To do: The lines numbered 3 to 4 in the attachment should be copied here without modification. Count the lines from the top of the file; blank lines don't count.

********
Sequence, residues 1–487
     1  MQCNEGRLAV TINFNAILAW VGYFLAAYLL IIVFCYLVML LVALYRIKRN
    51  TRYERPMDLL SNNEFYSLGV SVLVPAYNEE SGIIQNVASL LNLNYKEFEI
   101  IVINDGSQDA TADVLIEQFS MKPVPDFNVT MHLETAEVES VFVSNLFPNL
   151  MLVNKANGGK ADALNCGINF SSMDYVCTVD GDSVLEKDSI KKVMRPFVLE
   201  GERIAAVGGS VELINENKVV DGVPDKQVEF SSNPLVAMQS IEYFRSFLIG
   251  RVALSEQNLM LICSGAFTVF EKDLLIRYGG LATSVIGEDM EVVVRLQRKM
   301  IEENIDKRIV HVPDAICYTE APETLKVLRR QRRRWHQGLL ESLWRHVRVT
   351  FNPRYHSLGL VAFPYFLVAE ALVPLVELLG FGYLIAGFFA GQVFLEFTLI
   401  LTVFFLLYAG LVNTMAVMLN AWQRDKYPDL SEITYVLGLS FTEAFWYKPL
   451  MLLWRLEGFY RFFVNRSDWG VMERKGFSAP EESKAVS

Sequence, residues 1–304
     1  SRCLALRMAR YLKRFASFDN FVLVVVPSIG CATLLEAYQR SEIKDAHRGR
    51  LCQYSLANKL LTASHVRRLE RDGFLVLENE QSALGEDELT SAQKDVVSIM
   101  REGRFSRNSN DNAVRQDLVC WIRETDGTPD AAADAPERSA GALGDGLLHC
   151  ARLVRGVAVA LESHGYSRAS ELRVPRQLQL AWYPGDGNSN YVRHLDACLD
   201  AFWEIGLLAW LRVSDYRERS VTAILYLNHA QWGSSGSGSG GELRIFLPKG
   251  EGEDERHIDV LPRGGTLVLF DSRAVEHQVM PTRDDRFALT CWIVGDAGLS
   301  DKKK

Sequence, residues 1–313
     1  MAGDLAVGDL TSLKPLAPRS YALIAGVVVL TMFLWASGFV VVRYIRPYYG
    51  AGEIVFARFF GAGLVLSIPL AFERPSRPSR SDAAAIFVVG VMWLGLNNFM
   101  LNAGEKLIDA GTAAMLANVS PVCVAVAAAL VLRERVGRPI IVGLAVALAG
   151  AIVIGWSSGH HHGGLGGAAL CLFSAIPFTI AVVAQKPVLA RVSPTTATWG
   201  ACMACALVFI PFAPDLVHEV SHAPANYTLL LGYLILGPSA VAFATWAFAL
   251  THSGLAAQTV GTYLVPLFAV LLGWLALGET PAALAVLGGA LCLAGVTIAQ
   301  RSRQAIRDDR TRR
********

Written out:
    51  TRYERPMDLL SNNEFYSLGV SVLVPAYNEE SGIIQNVASL LNLNYKEFEI
   101  IVINDGSQDA TADVLIEQFS MKPVPDFNVT MHLETAEVES VFVSNLFPNL